So for several generations now, the rulers of Israel had mixed the worship of Yahweh with worship of other gods.  Judah, the southern kingdom, had a slightly better track record on this, but that wasn’t saying much.  Ahab’s father, King Omri, had followed this path and 1 Kings chapter 16 says that Omri did what was evil in the sight of the Lord, more so than all the kings who went before him.  If you read through 1 Kings, you’ll see that this was really saying something.

But then came Omri’s son Ahab, and as far as religious practice and the worship of the true God of Israel, Ahab was even worse than Omri – he took the prize as the worst ever.  Just when you thought it couldn’t get any worse, as they say, along came Ahab.

Now, Ahab had some political skills, no doubt.  He married Jezebel, a Princess of Sidon.  Sidon was a Phoenician city, just north of Israel in what is now Lebanon.  Politically, this was a shrewd move, cementing ties between the two countries.  The Phoenicians were merchants and ship builders and this brought access to raw materials like Cedars of Lebanon.  Jezebel was a dedicated worshiper of Baal, the god of rain and agriculture and fertility, and like I mentioned, Ahab was glad to get all the help he could get agriculturally. 

So Ahab’s marriage to Jezebel brought closer ties to a neighboring state, increasing both trade and security.  Beyond that, Jezebel brought with her a dedication for the worship of the Phoenician gods Baal and Asherah.  And the text says that Ahab himself served and worshiped Baal and built altars to Baal and sacred monuments to Asherah. 

This was what was going on when we first hear of the prophet Elijah, at the beginning of chapter 17.  We don’t hear anything about his call, about his background, about his family.  Elijah just appears on the scene, but it is quite an entrance.  This is a guy with authority.  He tells Ahab that “As sure as the God of Israel lives, there will be a severe drought, with neither rain nor dew.”

God is not just randomly sending a drought to punish Ahab.  What is going on here is that Baal is the God of rain.  For turning from the God of Israel to Baal, the god of rain, God is saying, “Alright – you can depend on Baal for your rain.  Count me out.”  The extended drought shows how impotent Baal is.

Of course, Elijah’s pronouncement does not make Ahab happy.  Ahab has killed for a lot less than this, and God tells Elijah to flee, to go live by a wadi – a ravine - east of the Jordan River.  There he is miraculously fed by ravens, who bring him meat and bread twice a day.  He has water to drink from the wadi until it dries up because of the drought.  God is miraculously supplying Elijah with food, but Baal, who is supposed to be responsible for rain, is dropping the ball.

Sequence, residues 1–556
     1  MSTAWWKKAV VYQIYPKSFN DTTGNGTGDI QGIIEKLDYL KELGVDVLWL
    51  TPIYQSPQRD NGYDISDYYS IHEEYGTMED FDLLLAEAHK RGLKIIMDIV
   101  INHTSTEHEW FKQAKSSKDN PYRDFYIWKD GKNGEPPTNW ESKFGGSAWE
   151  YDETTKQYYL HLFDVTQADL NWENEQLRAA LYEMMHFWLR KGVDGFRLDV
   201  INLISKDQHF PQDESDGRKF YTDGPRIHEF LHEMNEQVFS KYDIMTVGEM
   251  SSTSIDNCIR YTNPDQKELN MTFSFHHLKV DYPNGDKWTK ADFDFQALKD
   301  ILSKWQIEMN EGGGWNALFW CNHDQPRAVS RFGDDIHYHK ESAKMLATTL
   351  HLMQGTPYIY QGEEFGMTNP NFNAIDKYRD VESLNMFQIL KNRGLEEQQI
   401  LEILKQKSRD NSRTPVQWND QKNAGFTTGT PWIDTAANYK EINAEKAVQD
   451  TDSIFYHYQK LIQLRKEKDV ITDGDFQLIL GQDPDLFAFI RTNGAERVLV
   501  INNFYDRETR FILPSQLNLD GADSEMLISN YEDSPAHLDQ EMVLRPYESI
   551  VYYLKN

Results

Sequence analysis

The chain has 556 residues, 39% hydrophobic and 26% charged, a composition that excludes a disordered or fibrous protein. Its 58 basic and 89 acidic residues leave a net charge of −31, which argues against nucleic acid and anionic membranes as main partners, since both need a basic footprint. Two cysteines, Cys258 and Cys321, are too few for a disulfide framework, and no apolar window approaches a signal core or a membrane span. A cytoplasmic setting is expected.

And so God tells Elijah to go to Zarephath, in Sidon, where a widow will take him in and feed him.  He goes there and at the city gate meets a poor widow who is gathering sticks.

As we read about this encounter, it’s hard not to think that Elijah is, well – he’s kind of a jerk.  He doesn’t ask this woman for a drink of water and a little bread, he demands it.  Elijah apparently didn’t even learn “please and thank you,” the magic words.  There is no introduction, no explanation, no “God has sent me here to you,” just, “Give me some bread.”

This woman says that she is gathering sticks to make a little fire so she can prepare the last meal for her and her son.  There is just a tiny bit of meal and oil, and after they eat this there will be nothing to do but die.  The drought is not confined to Israel.

Lia Scholl pointed out that this is a traumatized woman.  She has lost her husband, she is fighting poverty and losing, she is nearly despondent, heading home to face death with her son.  And then Elijah, this jerk prophet shows up.

But Elijah is also facing trauma.  He is also trying to survive, running for his life, in a battle with an evil king and queen.  You would prefer a little kindness.  You would like for Elijah to notice the widow’s need.  He comes across as blunt and demanding, but then Elijah, like this widow has had a bad day.  It’s been a long streak of bad days for both of them.

It seems almost ridiculous for Elijah to ask this woman to provide for him.  But he does.  She says she is getting ready to cook one last meal, which will only temporarily stave off death for her and her son.  Elijah says, OK, but first, make some for me.  First give me some water and make me a little bread, and then make some for you and your son.  For the Lord the God of Israel says that the jar of meal and jug of oil will not fail until God sends rain on the earth. 

What do you do, if you are this woman?  Maybe you think, “We’re going to die anyway,” so you make the cake for Elijah.  But I think it’s more than that.  Somewhere inside this woman there is courage, there is trust, there is hope.  There is generosity that is hard to fathom.  Every day, she gives away all she has.  Every day, she empties the jar of meal and the jug of oil.  And every day, God provides more.  I wonder if this became easier for her.  I wonder if day by day, she grew in generosity and in trust.

In the Spring 2013 issue of Leadership Journal, Jeff Manion offers this insight (quoted by Molly Marshall in her Trintarian Soundings blog):

The chief inhibitor to generosity isn’t greed; it’s fear.  Fear of not having enough.  And the only remedy for fear is trust.  Trust and generosity walk hand in hand, and it is really difficult to pursue the generous life while scared.  God delivers us from fear as we trust God to unleash generosity.  When a person begins to tap into generosity, they’re dialing into a core of God’s character.